“We should fight against attempts to move Labour’s foreign policy to the right & ditch the anti-war internationalism of the Jeremy Corbyn years, as represented by recent attempts to push the party into backing more nuclear weapons & NATO expansion.”
By Sam Browse, Arise.
The Tory Government’s disastrous response to the ongoing Coronavirus crisis has enriched big business while 3 million go without support and many struggle on pitiful levels of Statutory Sick Pay; reduced some incomes to less than minimum wage; and created an unemployment crisis predicted to reach a horrifying 2.2 million out of work.
For the Left, it’s important to also understand that this Tory approach of protecting profits, not people, extends beyond Britain’s borders.
That’s what motivates the recently announced £16.5bn increase in military spending, it’s what drives Boris Johnsons’ announcement that Britain – despite its legal obligations under the nuclear non-proliferation treaty – will expand its nuclear arsenal, and it’s what has instigated the order to send an aircraft carrier to the South Pacific.
All these actions entail a view of Britain which derogates to it a right to intervene, with impunity, in the affairs of other countries – a view which, as the Black Lives Matter protestors remind us, has historically justified an imperialism dedicated to extracting profits, by force, from abroad. That project lives on today – Afghanistan, Iraq, Libya, and Syria, despite the lofty promises of so-called “muscular liberals”, have left millions dead and lives devastated, while private corporations profit from access to oil and contracts won by miraculously new found political influence.
And now, as the new multipolar global economy erodes the dominance of a US-based ruling class, America and its allies resuscitate the logic of mid-20th century international relations to prosecute a Cold War against China.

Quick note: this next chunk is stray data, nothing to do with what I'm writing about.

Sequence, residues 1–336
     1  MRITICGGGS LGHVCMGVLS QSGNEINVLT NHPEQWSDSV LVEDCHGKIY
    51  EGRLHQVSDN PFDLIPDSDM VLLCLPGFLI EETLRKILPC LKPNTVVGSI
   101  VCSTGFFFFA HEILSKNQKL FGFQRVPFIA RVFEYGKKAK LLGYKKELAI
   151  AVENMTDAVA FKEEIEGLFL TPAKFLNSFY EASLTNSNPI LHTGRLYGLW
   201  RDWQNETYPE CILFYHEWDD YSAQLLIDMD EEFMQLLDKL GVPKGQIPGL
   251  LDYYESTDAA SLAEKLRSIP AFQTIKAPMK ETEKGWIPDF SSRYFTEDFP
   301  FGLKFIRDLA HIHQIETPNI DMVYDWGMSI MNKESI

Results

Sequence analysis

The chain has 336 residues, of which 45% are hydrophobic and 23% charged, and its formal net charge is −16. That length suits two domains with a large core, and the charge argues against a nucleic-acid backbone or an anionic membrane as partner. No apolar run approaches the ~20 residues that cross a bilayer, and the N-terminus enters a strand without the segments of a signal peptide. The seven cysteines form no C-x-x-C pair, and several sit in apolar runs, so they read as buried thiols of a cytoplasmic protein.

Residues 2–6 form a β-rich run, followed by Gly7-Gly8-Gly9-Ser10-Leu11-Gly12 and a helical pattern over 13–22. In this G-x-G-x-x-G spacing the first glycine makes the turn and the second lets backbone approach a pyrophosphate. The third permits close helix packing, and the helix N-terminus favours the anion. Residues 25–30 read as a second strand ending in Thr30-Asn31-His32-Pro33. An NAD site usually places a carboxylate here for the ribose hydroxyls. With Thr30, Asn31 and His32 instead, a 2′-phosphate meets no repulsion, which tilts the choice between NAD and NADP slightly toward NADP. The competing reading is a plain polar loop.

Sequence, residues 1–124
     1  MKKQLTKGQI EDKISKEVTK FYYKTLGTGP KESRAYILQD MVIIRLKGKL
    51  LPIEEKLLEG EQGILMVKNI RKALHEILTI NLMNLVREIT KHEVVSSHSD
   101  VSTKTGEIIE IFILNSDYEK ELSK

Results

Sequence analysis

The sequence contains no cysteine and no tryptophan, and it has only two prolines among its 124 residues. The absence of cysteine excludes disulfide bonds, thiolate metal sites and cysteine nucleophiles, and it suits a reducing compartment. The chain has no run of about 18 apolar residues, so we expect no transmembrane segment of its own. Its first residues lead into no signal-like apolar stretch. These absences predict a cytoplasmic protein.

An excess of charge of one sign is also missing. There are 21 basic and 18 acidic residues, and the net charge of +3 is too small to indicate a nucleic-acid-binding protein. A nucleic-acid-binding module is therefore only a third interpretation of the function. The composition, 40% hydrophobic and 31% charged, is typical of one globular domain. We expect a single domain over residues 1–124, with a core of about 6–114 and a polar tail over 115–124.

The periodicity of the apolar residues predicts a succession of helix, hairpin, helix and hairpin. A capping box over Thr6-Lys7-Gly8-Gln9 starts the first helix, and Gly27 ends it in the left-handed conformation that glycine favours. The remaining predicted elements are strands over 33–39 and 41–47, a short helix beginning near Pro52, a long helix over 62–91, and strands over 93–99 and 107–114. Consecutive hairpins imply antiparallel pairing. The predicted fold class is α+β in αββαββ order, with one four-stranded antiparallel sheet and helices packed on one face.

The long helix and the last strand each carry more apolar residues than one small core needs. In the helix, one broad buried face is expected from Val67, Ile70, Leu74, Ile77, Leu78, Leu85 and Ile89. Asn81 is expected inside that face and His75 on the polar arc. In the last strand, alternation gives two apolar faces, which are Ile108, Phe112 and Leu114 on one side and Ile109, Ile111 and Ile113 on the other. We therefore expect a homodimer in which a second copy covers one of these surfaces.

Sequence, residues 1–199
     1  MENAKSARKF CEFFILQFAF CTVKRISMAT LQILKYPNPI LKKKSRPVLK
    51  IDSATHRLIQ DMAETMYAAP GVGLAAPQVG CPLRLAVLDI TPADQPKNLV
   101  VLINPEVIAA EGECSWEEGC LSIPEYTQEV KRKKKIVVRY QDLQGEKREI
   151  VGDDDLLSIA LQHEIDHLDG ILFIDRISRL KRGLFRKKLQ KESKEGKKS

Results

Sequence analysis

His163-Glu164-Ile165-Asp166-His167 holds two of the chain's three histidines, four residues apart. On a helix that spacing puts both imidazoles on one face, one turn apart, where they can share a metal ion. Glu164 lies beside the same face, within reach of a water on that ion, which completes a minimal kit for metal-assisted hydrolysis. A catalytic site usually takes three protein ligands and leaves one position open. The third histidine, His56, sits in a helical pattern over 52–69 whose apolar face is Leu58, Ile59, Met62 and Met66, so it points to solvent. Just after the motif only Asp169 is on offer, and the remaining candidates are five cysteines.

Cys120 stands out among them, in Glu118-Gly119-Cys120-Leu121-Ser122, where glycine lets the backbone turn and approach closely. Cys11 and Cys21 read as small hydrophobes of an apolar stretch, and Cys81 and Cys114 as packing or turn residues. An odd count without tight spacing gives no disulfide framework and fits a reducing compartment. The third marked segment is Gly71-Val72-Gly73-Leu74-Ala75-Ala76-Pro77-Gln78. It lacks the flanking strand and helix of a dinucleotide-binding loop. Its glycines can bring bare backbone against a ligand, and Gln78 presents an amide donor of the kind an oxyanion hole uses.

Rather than defend empire in decline and the profits of British and American big business, we should embrace the new multipolarity and commit to addressing the real cross-border challenges faced by the global “many”: tackling the climate emergency, vaccinating the globe against this pandemic and those of the future, and extending support to the millions of refugees, fleeing from war, persecution, and the damage caused to their homes and livelihoods by catastrophic global heating.
We should also express our solidarity with those fighting back against the rule of profit over people – most recently in Peru and Bolivia, where the left have formed governments, but also in Palestine, where the US relies on an ally for regional influence – Israel – despite its repeated violation of the human rights of Palestinians and their right to self-determination.
And we should fight against attempts to move Labour’s foreign policy to the right and ditch the anti-war internationalism of the Jeremy Corbyn years, as represented by recent attempts to push the party into backing more nuclear weapons and NATO expansion.
Our fight, today, is global. It demands an internationalist and an anti-imperialist response – one that opposes the rush to war and the threat of nuclear annihilation, while it supports those struggling everywhere for a world that puts people before profit.
- This piece is from the 8 page Labour Outlook summer update, featuring Jeremy Corbyn, Richard Burgon, Bell Ribeiro-Addy & more– read & download at https://labouroutlook.org/wp-content/uploads/2021/06/Labour-Outlook-june-2021.pdf